The areas in a brown background do not appear with symmetrical distortion, while those on a green background are always there when IMD is present. This makes complete sense once you know that sum and difference frequencies aren't generated with symmetrical distortion, nor will there be any second harmonic distortion (which also requires an asymmetrical distortion mechanism). Therefore, with symmetrical distortion, any IMD products are limited to odd-order effects only. With a symmetrical distortion process (two diodes in Figure 6), the third-order products are greater than for the same basic arrangement, which also makes sense because both peaks are affected rather than one. This results in more amplitude modulation.
I expect that for many readers, the production of AM (amplitude modulation) may be somewhat mysterious, and it's necessary to look at a somewhat more radical example so that it can be easily understood. The example I'll use is rather drastic, but it is the clearest possible example. When two signals are added together (and I'll use a 60Hz + 1kHz (not the normal 7kHz tone), the peak amplitude is the sum of that of the two individual frequencies. If you have peak levels of 1V at 60Hz and 250mV at 7kHz, the total peak level is ±1.25 volts. In reality, these can be any two voltages, or frequencies that are far enough apart that the composite waveform shows each as individual signals, with the high frequency 'riding' on the lower frequency. This is shown below. I used 60Hz and 1kHz so the two signals would be visible. The level of the final signal is ±412mV peak, due to the three resistors. VR1 is reduced to its minimum value for this test, to get maximum 'visibility' of AM in action.
Figure 8 - Composite Waveform (60Hz, 1kHz, SMPTE)
If we now imagine that the amplifier in question cannot pass the full ±412mV peak due to the diodes, some of the 1kHz waveform will be attenuated at the peak of the 60Hz waveform. Apart from the fact that the 1kHz tone is now distorted, its level is also reduced to less than it should be. So an 83mV peak signal (after attenuation) is reduced to (a distorted) 72mV peak. It has been amplitude modulated. The resulting 1kHz tone is shown next, replete with distortion (which is very hard to see). The 60Hz tone has been removed with the notch filter.
Figure 9 - Amplitude Modulation
The AM on the 1kHz tone is visible above, and the tone is also distorted. The simulator says that THD is 0.78%, which almost seems as if it should be audible, but not necessarily objectionable. The problem isn't simple harmonic distortion though, it's the IMD products generated. Two plots are shown below, the first with asymmetrical distortion (which produces supposedly 'nice' even harmonics), and the best you can say for it is that it's a mess.
Figure 10 - IMD, 1kHz Tone, Asymmetrical Distortion
In contrast, the following plot is for symmetrical distortion (two diodes). Although the peak amplitude of some of the sidebands is slightly greater due to a little more AM, the overall picture is far less 'cluttered', with fewer IMD products overall. However, even though there are fewer IMD frequencies produced, that doesn't mean that it will sound any better. IMD always sounds bad, regardless of the mechanism that produces it.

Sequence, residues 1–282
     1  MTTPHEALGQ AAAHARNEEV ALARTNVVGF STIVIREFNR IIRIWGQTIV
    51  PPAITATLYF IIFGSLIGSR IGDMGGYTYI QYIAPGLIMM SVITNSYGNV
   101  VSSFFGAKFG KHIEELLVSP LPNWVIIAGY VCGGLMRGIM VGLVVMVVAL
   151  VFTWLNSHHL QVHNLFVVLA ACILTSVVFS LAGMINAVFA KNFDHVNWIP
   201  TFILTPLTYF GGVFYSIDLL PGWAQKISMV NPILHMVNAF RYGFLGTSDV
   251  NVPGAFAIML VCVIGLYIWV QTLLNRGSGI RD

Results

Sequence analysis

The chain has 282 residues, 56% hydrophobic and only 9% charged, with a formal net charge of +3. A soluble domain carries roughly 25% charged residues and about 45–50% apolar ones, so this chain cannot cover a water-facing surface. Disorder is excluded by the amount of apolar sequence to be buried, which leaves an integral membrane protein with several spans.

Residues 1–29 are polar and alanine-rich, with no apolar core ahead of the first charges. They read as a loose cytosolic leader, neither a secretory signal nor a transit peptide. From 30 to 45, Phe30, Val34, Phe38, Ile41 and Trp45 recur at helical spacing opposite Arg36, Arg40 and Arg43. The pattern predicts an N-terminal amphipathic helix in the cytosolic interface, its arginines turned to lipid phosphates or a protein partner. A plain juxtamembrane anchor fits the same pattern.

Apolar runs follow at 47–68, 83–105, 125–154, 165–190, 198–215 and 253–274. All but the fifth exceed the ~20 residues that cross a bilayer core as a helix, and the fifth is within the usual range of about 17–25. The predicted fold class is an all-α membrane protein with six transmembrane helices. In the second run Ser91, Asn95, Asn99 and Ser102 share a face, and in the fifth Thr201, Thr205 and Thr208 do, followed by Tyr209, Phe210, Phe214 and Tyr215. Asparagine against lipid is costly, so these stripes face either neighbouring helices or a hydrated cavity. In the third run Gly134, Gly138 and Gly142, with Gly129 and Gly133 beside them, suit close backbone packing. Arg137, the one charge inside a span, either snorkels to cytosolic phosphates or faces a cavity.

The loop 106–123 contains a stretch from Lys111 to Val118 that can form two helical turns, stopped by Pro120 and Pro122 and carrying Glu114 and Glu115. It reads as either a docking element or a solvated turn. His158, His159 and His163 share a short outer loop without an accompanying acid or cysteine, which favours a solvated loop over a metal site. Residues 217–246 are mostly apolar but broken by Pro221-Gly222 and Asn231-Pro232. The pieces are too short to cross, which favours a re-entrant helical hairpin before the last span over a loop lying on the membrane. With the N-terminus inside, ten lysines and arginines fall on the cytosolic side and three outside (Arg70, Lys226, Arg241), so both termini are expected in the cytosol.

Note that although 1kHz was used in this test, there are IMD products at 2, 3, 4 and 5kHz. When the high frequency tone is 7kHz, that results in IMD at and around 14, 21, 28 and 35kHz, and the IMD 'artefacts' extend to much higher frequencies as well. Whether these can be measured depends on the test equipment available, and frequencies above 21kHz (the third harmonic of 7kHz) can be ignored because they are inaudible. The distortion is still present though, and may cause further intermodulation, potentially including difference frequencies of IMD products with wide band material (as opposed to a 'simple' two-tone test) signal. IMD is complex, and the more frequencies present at the input, the more IMD is developed.
Figure 11 - IMD, 1kHz Tone, Symmetrical Distortion
Interestingly (and you may not have expected it), the 60Hz tone is also distorted by the circuit shown in Figure 6. Depending on whether there are one or two diodes connected, the distortion will be either symmetrical or asymmetrical. Remember that at any point in time, there is only one value of voltage, and the 60Hz and 1kHz tones are simply added together and become one single composite waveform. It doesn't matter if the 60Hz tone is visibly 'clipped' or not, because the composite tone comprises both waveforms which are now inseparable in a wide band system. That means that anything that happens to one, also happens to the other. The distortion of the 60Hz tone is comparatively low compared to the AM and distortion of the 1kHz tone, and it measures 0.5%. That adds even more harmonics to the overall waveform, and with that comes even more intermodulation.
In Figures 10 and 11, there are clearly IMD frequencies well below 1kHz, and these are products of the distortion of the 60Hz tone. As more harmonic frequencies are added, the IMD becomes more and more complex, and with material containing a multiplicity of different frequencies (which still only result in a single voltage at any point in time!), the IMD products become overwhelming and turn the music into 'mush'. There is one way (and only one way) to minimise this, and that's to ensure the amplifier is as linear as possible. Like it or not, that means it will have low measured THD. As noted earlier, THD and IMD go hand-in-hand, and it's not possible to have one without the other.